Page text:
26 days ago

Water restrictions eased across the region

Nicholas Boyack Reporter from Community News

Wellington’s sprinkler ban has been lifted– but with sporadic rain forecast for winter residents still need to avoid wasting water.
The restrictions were put in place for the Hutt Valley, South Wairarapa, Wellington city and Porirua in mid-February as water usage soared during the summer months.
From Tuesday, residents in Lower Hutt, Porirua and Wellington city can again use sprinklers and irrigation systems, Wellington Water said. In Upper Hutt and South Wairarapa people can do so every second day, as is usual.
Most of the Wellington region’s drinking water comes from rivers and the Waiwhetu aquifer under the Hutt Valley. River levels fell to 90 per cent before the sprinkler ban.
Meanwhile, people in the Wairarapa town of Carterton still have to boil their water after E. coli bacteria was found in the water supply on March 12.

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26 minutes ago

Have you seen this amazing garden?

Mei Leng Wong Reporter from NZ Gardener & Get Growing

They had a vision for their property, but they also had three floods in 20 years. That didn't stop them pursuing the garden of their dreams though.

2 hours ago

DIY Double Glazing with Insulation Film

Robert Anderson from Curtain Clean (The Curtain Store)

Window insulation film works on the same principle as standard double glazing by creating a layer of still air in front of the glass that acts as insulation. DIY window insulation kits consist of clear plastic film for attaching to wooden window sashes or frames using double-sided adhesive tape. They cost a fraction of the price of double glazing yet offer good performance in reducing heat loss and condensation in your home, as well as preventing your sills and window dressings from going mouldy. You can pick up a kit from your local Mitre 10 or Bunnings.

Window insulation film is only designed to last one season, but it may remain intact for several years if your windows are in good condition and the film is undisturbed. Just be aware that adhesive tape used on the film may leave a stain if you leave it on for longer than one season.

Tips for installing
Installing DIY window insulation film is relatively easy – you only need a pair of scissors and a hair dryer.
• Make sure your window frames are dry and the paint is in good condition to avoid condensation forming inside the air gap.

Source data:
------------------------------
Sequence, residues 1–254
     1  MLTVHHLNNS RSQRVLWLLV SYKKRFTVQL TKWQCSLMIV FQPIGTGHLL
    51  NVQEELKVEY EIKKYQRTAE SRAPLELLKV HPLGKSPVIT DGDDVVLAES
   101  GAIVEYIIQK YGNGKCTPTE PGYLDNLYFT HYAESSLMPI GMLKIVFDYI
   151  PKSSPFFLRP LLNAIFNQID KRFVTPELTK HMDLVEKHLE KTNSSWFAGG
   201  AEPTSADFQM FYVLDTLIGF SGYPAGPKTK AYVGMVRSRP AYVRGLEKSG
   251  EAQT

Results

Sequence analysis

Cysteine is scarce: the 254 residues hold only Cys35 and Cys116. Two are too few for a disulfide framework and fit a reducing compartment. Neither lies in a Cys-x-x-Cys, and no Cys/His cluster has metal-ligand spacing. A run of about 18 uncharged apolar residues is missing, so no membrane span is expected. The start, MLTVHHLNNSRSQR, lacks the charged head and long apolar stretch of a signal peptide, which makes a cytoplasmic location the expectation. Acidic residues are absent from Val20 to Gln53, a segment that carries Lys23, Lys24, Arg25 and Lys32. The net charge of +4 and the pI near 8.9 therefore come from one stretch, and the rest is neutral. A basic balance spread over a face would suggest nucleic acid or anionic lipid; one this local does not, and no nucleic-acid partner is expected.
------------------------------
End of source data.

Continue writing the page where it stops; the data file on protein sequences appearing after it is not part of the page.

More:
• For wooden windows, applying a bead of sealant like silicone along the glass edge will further reduce the risk of moisture creeping into the air gap.
• Make sure your window pane is clean and streak free before putting the insulation up.

Step 1: Clean the Window
Clean the window thoroughly with an ammonia-based window cleaner and wipe it dry using a squeegee. Make sure that all of the window cleaner is wiped off, as it will dissolve the adhesive on the window film.

Step 2: Wet the glass with a light spray of water and baby shampoo
Fill a spray bottle with water and add a couple of drops of baby shampoo. Spray the mixture onto the window. This mixture helps the film stick to the window but still lets you slide the film around so you can fit it properly into the corners before the mixture dries.

Step 3: Measure and trim the film to size
Measure the window to see how large an area you need to cover, allowing at least two centimetres overlap for all four sides. Roll the window film out onto a flat horizontal surface and trim to size. Before you put the film on the window, start peeling the backing off the sticky side of the film. Use masking tape on both sides of one corner to get the peeling started.

Step 4: Put the window film onto the window
Once you’ve peeled off the top five to ten centimetres of backing, move the film up to the surface of the window. Start by putting the top two corners in place. Once the film is sitting in a good position you can slowly start to take the rest of the backing off.



Keep reading: www.curtainclean.co.nz...

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3 hours ago

Seaview Marina looking to expand

Nicholas Boyack Reporter from Community News

Cashed-up boat buyers unable to travel are thought to be behind a spike in demand for berths that has resulted in a million-dollar expansion at a Lower Hutt marina.
Seaview Marina is putting the finishing touches on a $1.2 million 46-berth extension and has plans to install an additional 31 which will allow the docks to hold more than 400 vessels.
Chief executive Alan McLellan​ says the marina is at capacity and a waiting list for spots has grown over the last couple of years.
McLellan said Seaview was the biggest marina in the region and the only one with the ability to expand. Once the new berths were built, there would be no room for more.

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